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Sam Kissajukian has led an interesting life, a series of wacky events leading him from ambitious traveller to real ‘stand-up’ guy. The comic, spurred on by those around him, first stepped on stage three years ago. Telling of his experiences with animals, his stories of danger and curiosity quickly gained traction in Sydney’s comedy circuit.

From that first stage experience to today, Kissajukian regularly performs stand-up, long-form storytelling, and emcee work in Sydney. The comic, along with hosting two weekly comedy shows Live Baha and POS Comedy, is an essential part of Laugh Mob Entertainment. He, teaming up with fellow comics Ruven Govender and Kyle Legacy, is fast becoming a staple of Australian and world stand-up.

Kissajukian, fresh off the Melbourne Comedy Festival, Sydney Comedy Festival, and Edinburgh Fringe, is back in Perth for Fringe World 2016. His latest one-man show, Animals Attack Me, tells of life-threatening run-ins with Mother Nature’s most dangerous creations including Sharks, baboons, log-throwing chimpanzees, mountain lions, and the most fearsome of all – ex-girlfriends. This month, Kissajukian delivers seven nights of big laughs and valuable lessons for audience members great and small.

Reshoot & Rewind caught up with Kissajukin about his new show, burgeoning career, and awkward encounters with the animal kingdom.

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When did you realise you wanted to do comedy as a career?

That was actually after I started doing comedy, and fell into it accidentally. The show that i do is about being attacked by a lot of animals, so before I did comedy i was 27 and over the last 10 years I’ve been travelling and going on adventures. Just before I turned 27, we went to a storytelling competition, my girlfriend and I. Someone had dropped out, and she goes: “No, you should go in it, you should go in it”. The organizer was then like: “yeah we can put one more on”.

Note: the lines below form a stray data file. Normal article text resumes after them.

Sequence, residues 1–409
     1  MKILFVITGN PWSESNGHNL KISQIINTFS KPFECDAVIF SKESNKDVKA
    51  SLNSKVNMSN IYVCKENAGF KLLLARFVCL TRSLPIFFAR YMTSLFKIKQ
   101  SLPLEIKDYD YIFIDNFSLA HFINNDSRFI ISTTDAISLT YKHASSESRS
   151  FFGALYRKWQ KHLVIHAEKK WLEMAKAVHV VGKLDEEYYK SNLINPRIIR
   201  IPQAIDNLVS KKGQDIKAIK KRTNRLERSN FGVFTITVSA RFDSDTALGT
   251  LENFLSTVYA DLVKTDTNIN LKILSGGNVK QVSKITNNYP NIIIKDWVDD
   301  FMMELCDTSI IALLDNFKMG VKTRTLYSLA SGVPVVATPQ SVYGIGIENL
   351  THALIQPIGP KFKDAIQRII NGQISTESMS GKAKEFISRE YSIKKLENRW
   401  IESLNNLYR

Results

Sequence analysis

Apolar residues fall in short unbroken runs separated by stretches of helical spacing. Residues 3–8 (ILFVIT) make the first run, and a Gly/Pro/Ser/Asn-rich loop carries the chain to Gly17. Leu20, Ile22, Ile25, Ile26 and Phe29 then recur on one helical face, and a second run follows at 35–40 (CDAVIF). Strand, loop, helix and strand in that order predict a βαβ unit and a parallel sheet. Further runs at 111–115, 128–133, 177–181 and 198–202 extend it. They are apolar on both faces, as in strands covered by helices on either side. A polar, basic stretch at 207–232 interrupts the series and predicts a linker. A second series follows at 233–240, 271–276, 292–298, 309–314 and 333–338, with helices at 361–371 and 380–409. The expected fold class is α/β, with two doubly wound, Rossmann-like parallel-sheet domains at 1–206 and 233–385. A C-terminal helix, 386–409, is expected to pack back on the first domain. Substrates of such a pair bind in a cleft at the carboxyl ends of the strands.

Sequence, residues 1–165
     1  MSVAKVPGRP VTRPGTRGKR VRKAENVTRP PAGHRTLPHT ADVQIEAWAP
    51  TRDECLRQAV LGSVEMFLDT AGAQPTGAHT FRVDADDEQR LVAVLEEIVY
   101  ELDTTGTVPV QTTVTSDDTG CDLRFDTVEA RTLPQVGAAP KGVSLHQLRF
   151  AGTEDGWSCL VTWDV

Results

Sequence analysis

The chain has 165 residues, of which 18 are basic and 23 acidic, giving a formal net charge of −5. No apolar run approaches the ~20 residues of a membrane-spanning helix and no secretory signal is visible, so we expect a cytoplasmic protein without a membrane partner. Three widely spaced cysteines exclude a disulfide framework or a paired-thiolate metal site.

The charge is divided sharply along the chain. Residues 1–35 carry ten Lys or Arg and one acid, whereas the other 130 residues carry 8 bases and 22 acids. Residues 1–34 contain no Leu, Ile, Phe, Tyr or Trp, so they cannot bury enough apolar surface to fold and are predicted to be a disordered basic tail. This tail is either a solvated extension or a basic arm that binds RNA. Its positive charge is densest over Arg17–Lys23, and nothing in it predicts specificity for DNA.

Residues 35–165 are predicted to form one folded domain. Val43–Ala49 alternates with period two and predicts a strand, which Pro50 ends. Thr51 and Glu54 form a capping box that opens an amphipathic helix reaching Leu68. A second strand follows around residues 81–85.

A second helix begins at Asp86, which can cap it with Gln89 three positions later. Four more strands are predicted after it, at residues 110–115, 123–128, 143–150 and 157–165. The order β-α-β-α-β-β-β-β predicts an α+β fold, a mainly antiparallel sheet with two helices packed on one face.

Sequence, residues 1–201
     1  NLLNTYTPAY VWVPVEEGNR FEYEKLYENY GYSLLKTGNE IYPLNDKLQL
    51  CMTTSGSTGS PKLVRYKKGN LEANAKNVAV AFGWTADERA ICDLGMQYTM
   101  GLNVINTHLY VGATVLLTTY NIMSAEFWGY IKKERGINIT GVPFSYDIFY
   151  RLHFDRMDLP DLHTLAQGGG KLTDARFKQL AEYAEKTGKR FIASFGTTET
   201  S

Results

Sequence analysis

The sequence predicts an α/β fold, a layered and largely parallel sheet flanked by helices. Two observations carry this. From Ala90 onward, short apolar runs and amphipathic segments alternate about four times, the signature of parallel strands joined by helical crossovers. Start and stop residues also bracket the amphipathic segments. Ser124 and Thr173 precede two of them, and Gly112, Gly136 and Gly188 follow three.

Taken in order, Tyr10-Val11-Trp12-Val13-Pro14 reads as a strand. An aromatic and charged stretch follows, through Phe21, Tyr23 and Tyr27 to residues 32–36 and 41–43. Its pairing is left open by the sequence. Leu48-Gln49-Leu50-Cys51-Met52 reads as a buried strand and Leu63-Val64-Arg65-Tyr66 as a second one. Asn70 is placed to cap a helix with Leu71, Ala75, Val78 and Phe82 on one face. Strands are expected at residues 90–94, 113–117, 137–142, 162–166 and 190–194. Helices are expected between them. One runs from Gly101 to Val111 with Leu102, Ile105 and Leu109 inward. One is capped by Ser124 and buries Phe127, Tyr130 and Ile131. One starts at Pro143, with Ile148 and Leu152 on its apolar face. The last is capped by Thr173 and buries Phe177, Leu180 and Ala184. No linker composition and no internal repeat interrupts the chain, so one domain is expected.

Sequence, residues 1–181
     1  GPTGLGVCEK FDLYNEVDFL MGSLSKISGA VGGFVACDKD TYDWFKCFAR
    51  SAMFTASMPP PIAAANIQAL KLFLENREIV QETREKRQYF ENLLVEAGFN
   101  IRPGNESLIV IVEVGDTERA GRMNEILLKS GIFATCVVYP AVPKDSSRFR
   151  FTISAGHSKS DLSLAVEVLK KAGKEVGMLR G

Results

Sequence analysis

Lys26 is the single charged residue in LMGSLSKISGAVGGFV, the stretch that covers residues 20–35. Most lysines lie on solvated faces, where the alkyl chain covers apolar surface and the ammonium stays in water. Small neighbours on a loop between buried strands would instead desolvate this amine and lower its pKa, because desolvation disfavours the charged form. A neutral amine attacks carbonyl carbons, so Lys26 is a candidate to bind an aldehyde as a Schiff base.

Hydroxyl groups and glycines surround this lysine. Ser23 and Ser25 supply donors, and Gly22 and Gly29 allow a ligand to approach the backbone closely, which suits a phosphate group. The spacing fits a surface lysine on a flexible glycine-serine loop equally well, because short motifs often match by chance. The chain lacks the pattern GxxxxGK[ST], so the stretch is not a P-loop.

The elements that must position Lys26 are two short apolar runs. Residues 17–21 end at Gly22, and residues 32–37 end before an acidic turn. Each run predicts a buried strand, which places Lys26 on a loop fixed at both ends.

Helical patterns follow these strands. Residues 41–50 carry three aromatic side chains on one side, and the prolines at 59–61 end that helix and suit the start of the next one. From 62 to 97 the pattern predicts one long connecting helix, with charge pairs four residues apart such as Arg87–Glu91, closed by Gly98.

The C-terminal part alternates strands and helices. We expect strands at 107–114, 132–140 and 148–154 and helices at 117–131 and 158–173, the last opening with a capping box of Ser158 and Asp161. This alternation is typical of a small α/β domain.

I went up and told a story about the time I got chased by a baboon with a machete and another time I got attacked by two sharks whilst spear fishing. I ended up coming second in the competition and then people invited me to do other storytelling nights. Then some said I should do stand up comedy and I started doing stand up and after I did that I thought: “This is great, I should just tell stories about my life”, and now it’s three years later and what I do for a living.

 

After your first few times on-stage, did you immediately adapt to it or did it get easier over time?

When I first started I started telling animal attack stories and that was great. Then I thought in stand-up comedy you’ve got to tell jokes, so I started writing jokes and went badly for a couple and then I got the hang of it. For the last two and a half years, it’s been pretty steadily increasing I definitely feel like I was more naturally a storyteller than a joke writer so its natural. I like telling long stories to pull people in, but now I do both – I do the stand-up comedy clubs and personal story shows.

 

What are your most alarming experiences in stand-up comedy?